LearnIrishwith Us!Start Learning!
As promised, we’ll address sneezing and related phenomena in today’s blog. You might have already anticipated that some more beannachtaí (blessings) and wishes for good health will be involved, just as they are with English (bless you, Gesundheit).
Sraoth is a sneeze. In Irish, it’s not so customary to use a verb that actually means “to sneeze,” but rather someone “makes” or “releases” a sneeze.
If you’re fairly new to the language, remember that the “th” at the end of sraoth is basically silent, just a little puff of breath. The same thing applies to sraothartach, although the puff of breath in the middle of the word is more pronounced, like the “h” sound in “huh” – SREE-hur-tukh.
Examples could include:
Rinne sé sraoth. He sneezed.
Lig sé sraoth dhá uair. He sneezed two times.
Cad a deir tú má ligeann duine sraoth? What do you say (in Irish) when someone sneezes?
The most widely heard response for the first sneeze is “Dia linn” (God bless us, or literally, God with us). This would seem to ensure the good health of everyone in the vicinity! In Irish formulaic fashion, the response to a second sneeze, or a first sneeze if it is especially strong, is “Dia linn, is Muire” (God and Mary bless us).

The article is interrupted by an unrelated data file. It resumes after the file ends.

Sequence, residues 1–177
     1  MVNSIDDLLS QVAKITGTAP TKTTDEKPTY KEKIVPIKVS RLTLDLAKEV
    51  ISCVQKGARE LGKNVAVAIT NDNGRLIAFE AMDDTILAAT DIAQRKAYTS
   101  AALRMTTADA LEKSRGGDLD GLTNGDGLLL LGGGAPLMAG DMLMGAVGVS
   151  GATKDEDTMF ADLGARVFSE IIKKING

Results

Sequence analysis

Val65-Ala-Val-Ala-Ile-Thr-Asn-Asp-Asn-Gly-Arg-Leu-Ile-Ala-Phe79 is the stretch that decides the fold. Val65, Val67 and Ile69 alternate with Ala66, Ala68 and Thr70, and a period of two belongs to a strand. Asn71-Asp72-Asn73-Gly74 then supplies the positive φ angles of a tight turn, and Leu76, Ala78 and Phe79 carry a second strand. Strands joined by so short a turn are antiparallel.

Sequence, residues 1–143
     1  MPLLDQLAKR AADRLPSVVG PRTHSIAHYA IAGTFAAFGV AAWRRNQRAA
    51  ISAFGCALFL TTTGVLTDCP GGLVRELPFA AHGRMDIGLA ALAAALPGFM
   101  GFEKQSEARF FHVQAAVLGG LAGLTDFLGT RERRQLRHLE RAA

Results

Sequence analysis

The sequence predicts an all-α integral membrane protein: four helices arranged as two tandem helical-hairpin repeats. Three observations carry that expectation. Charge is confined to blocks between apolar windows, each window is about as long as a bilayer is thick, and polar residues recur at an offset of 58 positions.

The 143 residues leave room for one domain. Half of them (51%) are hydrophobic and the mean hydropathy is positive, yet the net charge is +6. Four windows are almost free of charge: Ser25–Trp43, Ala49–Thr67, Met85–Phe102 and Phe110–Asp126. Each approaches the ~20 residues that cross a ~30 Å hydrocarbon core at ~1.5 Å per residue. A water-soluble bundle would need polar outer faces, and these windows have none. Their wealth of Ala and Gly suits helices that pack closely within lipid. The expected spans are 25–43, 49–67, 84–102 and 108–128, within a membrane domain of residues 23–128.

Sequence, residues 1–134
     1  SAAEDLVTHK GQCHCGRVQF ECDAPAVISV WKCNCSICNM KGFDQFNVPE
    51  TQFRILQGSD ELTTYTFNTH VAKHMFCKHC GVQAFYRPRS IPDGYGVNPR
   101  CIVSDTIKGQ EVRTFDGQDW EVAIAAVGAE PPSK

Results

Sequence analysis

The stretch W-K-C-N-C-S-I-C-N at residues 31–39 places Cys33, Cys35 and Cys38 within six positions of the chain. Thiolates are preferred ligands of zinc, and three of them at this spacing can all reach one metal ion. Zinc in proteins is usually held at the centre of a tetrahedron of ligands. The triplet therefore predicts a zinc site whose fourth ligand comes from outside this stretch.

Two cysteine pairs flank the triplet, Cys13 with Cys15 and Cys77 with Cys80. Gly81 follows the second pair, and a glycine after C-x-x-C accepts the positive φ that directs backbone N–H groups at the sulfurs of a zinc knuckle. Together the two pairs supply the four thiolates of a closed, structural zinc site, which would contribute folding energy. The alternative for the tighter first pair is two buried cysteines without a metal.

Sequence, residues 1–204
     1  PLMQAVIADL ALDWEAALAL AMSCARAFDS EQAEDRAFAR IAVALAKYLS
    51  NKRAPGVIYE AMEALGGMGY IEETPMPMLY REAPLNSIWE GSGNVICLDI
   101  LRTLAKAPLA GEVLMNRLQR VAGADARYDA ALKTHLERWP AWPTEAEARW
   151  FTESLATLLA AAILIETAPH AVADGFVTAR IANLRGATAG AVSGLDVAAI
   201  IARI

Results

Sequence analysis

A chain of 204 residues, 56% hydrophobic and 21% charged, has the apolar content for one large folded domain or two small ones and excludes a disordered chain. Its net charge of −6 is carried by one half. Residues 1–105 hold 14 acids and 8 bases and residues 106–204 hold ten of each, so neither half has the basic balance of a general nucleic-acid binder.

A little more cryptically, one could wish the sneezer “capall bán fút” (a white horse beneath you). I’ve never found a real explanation for this unusual phrase and can’t say I’ve heard it used very often. ”Dia linn“ is far more widespread. But at least the white horse wish is intriguing (like many other traditional phrases in Irish)!
A few other choice terms pertaining to one’s srón (nose):
smaoisíl (sniffling, sniveling), as in Tá an leanbh ag smaoisíl (The child is sniffling).
srannadh (snoring), as in Tá an seanduine ag srannadh (The old man is snoring).
As far as I know, there are no traditional blessings for sniffling, sniveling, or snoring, although some srannairí (snorers) could probably use some. Or at least those in aice leo (near them) could!
Bhur mblagálaí – Róislín